Do You Have a Revenue Plan?

The Secret to a Sustainable Business, Part 3

The main reason you started a business was to achieve financial freedom. To ensure that you get there, you need a plan. October begins fourth quarter and it could be significant for your business. According to the National Retail Federation, sales in November and December account for 20 to 40 percent of U.S. retailer annual revenue. Even if you’re not a retail company, mapping out a 12-month revenue plan will help deliver value to customers and bring in money.

If you’re not aiming for any sales, you’re guaranteed to hit what you’re aiming for. Here’s how a revenue plan will help your business:

Focus work load and reduce overwhelm: Have you ever felt all over the place when it comes to choosing what gets tackled first on your page-long to-do list? A revenue plan creates an immediate sense of clarity on how to allocate time and activities daily. I like the idea of putting dollar signs next to the tasks related to achieving financial goals.

Using the dollar tagging method makes important things stand out. Gain additional clarity by adding more dollar signs next the items that have a high return so that they get the highest priority.

Inspire and activate your team: Great leaders attract people who are inspired by their vision. Your team should understand how their role in the company impacts the bottom-line.

Zingerman’s, a community of food-related businesses, practices an open-book finance management style. Every single employee in the company understands the revenue numbers that they are responsible for generating and they are trained to manage, report and provide creative ideas for influencing those numbers.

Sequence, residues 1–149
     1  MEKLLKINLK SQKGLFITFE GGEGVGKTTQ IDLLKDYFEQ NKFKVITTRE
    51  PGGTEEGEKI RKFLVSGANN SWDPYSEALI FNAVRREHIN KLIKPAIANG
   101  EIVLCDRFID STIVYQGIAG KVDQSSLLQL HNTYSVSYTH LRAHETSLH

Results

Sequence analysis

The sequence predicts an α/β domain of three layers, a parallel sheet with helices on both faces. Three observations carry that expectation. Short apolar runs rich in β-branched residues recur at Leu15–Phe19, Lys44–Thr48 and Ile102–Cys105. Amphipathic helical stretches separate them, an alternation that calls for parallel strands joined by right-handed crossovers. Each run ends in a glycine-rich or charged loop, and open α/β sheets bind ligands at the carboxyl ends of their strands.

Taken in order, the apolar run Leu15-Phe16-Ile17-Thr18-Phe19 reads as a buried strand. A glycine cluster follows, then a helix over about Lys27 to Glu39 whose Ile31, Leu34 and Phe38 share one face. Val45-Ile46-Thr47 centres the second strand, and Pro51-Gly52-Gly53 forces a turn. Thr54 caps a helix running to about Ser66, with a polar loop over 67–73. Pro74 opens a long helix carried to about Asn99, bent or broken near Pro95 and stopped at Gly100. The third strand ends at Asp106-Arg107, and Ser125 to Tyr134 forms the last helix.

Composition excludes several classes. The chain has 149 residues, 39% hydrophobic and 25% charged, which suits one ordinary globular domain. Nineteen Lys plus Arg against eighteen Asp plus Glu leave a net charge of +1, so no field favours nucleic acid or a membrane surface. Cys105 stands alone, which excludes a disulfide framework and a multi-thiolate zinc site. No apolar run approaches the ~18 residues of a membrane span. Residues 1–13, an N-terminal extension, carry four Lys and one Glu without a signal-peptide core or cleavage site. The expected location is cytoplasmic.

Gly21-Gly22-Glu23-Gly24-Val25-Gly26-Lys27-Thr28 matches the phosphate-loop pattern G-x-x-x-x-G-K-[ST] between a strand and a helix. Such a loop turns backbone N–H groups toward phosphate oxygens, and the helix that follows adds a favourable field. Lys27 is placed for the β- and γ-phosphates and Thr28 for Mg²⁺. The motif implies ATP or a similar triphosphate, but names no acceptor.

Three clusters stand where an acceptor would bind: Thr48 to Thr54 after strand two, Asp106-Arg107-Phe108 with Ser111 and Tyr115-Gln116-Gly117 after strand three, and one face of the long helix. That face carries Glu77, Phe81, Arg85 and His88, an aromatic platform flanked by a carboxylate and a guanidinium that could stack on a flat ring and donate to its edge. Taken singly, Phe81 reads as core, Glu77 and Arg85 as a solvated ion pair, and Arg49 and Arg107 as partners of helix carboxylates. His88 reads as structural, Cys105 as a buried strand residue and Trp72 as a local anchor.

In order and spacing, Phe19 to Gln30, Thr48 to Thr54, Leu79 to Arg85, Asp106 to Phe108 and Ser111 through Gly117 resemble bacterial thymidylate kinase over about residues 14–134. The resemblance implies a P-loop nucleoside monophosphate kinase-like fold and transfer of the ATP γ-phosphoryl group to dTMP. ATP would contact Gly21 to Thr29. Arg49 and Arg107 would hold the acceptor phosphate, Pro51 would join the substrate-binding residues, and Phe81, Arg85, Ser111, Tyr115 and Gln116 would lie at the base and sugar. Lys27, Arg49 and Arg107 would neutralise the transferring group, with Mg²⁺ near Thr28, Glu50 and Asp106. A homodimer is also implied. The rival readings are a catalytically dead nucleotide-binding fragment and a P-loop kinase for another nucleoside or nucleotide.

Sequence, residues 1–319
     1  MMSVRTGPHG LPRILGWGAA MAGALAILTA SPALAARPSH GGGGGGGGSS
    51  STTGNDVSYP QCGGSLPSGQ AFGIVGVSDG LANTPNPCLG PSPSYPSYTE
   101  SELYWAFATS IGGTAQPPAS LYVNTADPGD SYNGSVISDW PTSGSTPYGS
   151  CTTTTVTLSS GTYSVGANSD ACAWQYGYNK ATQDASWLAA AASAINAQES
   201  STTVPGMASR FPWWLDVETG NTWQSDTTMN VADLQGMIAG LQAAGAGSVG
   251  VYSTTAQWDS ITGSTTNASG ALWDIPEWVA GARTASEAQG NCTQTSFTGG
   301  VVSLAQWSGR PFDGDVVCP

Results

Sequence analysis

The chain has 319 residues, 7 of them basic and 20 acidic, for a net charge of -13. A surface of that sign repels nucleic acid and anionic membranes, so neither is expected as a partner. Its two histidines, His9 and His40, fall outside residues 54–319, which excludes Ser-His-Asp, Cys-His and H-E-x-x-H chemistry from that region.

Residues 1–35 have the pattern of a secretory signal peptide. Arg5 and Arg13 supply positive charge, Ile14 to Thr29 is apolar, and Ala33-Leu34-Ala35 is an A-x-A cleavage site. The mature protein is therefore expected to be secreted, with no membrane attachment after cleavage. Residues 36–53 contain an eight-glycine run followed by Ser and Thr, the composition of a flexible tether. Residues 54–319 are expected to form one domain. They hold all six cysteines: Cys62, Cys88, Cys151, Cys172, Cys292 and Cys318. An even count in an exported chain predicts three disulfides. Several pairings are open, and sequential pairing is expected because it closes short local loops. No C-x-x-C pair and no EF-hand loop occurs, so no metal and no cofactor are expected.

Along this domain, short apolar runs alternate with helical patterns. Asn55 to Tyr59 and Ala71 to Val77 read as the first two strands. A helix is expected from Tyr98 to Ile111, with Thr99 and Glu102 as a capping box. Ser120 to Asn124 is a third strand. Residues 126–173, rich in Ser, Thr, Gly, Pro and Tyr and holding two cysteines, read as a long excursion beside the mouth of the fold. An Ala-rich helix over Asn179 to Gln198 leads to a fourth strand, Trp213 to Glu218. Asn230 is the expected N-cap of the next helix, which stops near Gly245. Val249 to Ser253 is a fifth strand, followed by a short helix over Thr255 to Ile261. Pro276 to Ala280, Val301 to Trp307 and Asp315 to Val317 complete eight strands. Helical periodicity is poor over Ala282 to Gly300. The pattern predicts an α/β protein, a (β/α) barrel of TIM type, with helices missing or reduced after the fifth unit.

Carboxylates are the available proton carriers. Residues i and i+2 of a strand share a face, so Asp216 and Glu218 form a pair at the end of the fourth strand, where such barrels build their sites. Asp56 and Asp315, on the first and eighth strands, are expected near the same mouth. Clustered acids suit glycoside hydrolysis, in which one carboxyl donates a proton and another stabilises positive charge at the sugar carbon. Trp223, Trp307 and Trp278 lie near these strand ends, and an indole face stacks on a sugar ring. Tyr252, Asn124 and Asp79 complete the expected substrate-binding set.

Create longevity and growth opportunities: Too often, we chase immediate revenues – trying to figure out how to bring enough funds to pay ourselves and cover the expenses of the company. This shorter-sighted way of thinking will keep you always on edge, feeling like you’re drowning and fighting to live. A revenue plan makes you step back and think of the business in a long-term view by preparing for what’s going to bring in sales six or twelve months from now and not just next week.

It’s time to think more strategically about what activities to focus on to reach sales targets if you want to reach financial sustainability. Here’s how to get started: Determine a revenue goal – the amount of money that you need to make to the cover your salary and business expenses for the year.

Once you know what you’re aiming for, make a list of monthly activities that will help get you to that target. There are no bad ideas; write down every solution you could potentially offer and later narrow down to the three that meet the sweet spot of offering the highest value of solving the customer’s pain point, a favorable level of income and the minimum commitment of time.

We have put together a tool called the Double-Sided Business Plan to help you create a revenue goal for the year based on your desired income and develop the revenue plan for your company. Take advantage of this resource so that your business can achieve sustainability and provide the financial freedom that you deserve.

For more resources on building a sustainable business read this whole series:
Pay Yourself First: The Secret to Sustainability Part 1
Determine Your Sustainability Number: The Secret to Sustainability Part 2

Now we would like to hear from you. What methods have you used to grow or sustain your business?

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